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Muslims in a Global Context: Anthropological Approaches (ResMA)


Admission requirements

Admission to the MA Middle Eastern Studies (research) or another relevant Research MA. Students from other programmes are kindly referred to the course description of the regular MA course.


We live in a moment in which Muslim societies face an intensification of scrutiny from a variety of media, policy, military, and academic actors. Anthropological perspectives in particular have become increasingly prominent in studies of the Muslim world. According to Edward Said, they might serve as an antidote against essentialist and static views of older “orientalist” approaches.

This seminar will introduce you to key anthropological approaches and studies of central themes that structure the lives of Muslims around the globe, while placing them in historical perspective. Our starting point will be the central debate on Islam and Muslims as object and subject of schorlalrly study. Following this lead, the comparative study of Muslim societies is understood to be central. The first meetings are dedicated to a general introduction to anthropology, its theories, complicated history, concepts and methods. Special attention will be given to combination of the study of written sources with fieldwork. The different styles of report and writing ethnographies will also be analyzed.

In addition, the in-depth discussion of these texts will allow us to engage with practical questions about anthropological methods of participant-observation, interviewing, writing field notes, and more. What role can anthropology play in framing not only popular perceptions of Muslim societies but also broader policies and programs? Should that be the role of ethnographic writing, and how well does this genre lend itself to cross-disciplinary dialogue? As such, the anthropological approach itself will be subject to scrutiny, by placing it in its social and historical context, in which the colonial past looms large.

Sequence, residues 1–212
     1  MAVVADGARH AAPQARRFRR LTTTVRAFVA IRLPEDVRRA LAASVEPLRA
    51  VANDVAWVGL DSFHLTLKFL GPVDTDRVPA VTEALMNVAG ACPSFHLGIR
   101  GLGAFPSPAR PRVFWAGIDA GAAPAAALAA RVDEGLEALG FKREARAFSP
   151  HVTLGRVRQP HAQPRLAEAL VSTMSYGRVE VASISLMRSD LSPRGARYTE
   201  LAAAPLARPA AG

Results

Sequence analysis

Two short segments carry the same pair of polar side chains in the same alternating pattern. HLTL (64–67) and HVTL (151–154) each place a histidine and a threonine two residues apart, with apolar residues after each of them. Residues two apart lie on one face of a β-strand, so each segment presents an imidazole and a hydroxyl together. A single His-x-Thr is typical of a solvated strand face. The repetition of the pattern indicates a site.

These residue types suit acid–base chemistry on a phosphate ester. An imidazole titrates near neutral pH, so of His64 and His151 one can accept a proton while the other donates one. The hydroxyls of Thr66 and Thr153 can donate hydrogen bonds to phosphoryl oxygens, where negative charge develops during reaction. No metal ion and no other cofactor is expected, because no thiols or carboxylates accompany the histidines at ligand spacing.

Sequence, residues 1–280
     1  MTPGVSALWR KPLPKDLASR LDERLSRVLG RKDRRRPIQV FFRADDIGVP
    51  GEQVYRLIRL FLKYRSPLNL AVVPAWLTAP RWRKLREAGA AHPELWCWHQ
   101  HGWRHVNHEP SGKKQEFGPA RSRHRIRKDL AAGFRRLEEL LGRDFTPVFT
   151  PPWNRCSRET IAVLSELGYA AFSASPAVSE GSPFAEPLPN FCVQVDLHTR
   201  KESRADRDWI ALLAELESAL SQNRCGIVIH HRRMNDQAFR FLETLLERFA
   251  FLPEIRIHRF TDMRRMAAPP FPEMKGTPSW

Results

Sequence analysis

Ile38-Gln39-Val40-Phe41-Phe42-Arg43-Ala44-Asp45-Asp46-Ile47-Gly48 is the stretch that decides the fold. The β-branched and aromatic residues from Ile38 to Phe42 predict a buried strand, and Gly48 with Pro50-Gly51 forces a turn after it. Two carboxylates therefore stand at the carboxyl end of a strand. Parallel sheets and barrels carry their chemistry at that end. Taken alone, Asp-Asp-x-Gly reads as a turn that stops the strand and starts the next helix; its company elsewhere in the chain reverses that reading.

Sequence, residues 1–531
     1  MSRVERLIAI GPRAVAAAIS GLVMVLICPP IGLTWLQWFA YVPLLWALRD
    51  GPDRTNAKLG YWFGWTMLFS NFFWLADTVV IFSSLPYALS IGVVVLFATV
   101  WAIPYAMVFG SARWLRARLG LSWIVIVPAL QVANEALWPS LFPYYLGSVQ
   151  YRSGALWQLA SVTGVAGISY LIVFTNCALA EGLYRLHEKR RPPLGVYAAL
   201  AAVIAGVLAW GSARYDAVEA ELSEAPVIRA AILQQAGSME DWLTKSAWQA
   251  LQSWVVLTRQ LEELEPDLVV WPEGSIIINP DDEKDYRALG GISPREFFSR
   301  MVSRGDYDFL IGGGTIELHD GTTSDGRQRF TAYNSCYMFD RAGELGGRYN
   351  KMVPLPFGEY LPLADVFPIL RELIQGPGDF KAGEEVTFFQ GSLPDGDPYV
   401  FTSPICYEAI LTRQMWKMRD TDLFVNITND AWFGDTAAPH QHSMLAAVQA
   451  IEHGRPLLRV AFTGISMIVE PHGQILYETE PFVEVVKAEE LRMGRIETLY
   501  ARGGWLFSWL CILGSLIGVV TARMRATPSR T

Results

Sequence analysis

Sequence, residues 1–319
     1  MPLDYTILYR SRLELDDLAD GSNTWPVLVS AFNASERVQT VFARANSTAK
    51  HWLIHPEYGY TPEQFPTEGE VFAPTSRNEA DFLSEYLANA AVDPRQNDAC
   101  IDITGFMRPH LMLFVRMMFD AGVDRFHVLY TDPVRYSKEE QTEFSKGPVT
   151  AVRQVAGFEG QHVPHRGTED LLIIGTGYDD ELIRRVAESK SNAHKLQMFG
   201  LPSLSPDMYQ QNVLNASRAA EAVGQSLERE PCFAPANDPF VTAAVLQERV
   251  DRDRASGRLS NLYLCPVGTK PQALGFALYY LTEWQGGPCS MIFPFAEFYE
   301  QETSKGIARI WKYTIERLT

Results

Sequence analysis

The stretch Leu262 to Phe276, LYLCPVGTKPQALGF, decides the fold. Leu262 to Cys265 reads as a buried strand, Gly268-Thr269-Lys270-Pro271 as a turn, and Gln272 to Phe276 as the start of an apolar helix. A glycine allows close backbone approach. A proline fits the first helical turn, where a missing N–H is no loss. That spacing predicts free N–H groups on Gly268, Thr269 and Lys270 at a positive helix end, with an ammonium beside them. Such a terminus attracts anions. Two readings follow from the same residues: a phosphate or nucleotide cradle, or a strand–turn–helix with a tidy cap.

The second half of the semester is focused on a systematic study of thematic issues using case studies from a variety of locations around the globe. We will compare monographs from regions with Muslim majority populations (for instance the Arab World, the South Asian subcontinent, South East Asia and/or Sub-Saharan Africa) with recent work on Muslim communities in Europe and North America, focusing on central anthropological themes, such as piety, gender, pilgrimage and ritual, but also more recent themes such as youth and Islamic fun, consumerism and banking, politics and the public sphere.

Course objectives

  • A sound overview of the main issues and public debates that define the lives of contemporary Muslims across the globe from an anthropological angle.

  • An introduction to anthropological theories and methods in the context of Muslim societies.

  • A critical reflection on the history of anthropological approaches to the study of Muslim societies placed into a socio-political context.


The timetables are available through My Timetable.

Mode of instruction

  • Seminar